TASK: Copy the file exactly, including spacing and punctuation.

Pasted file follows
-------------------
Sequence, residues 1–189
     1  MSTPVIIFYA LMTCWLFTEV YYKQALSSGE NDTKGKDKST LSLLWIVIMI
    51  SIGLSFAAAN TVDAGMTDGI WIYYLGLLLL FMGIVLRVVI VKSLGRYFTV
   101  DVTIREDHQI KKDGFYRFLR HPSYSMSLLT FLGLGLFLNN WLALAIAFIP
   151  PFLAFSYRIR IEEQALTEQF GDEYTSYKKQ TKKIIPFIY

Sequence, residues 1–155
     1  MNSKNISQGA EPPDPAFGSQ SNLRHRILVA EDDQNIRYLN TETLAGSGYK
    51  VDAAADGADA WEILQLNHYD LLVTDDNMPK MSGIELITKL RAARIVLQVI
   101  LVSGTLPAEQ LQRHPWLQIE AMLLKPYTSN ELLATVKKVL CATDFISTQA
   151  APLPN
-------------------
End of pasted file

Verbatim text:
Sequence, residues 1–189
     1  MSTPVIIFYA LMTCWLFTEV YYKQALSSGE NDTKGKDKST LSLLWIVIMI
    51  SIGLSFAAAN TVDAGMTDGI WIYYLGLLLL FMGIVLRVVI VKSLGRYFTV
   101  DVTIREDHQI KKDGFYRFLR HPSYSMSLLT FLGLGLFLNN WLALAIAFIP
   151  PFLAFSYRIR IEEQALTEQF GDEYTSYKKQ TKKIIPFIY

Sequence, residues 1–155
     1  MNSKNISQGA EPPDPAFGSQ SNLRHRILVA EDDQNIRYLN TETLAGSGYK
    51  VDAAADGADA WEILQLNHYD LLVTDDNMPK MSGIELITKL RAARIVLQVI
   101  LVSGTLPAEQ LQRHPWLQIE AMLLKPYTSN ELLATVKKVL CATDFISTQA
   151  APLPN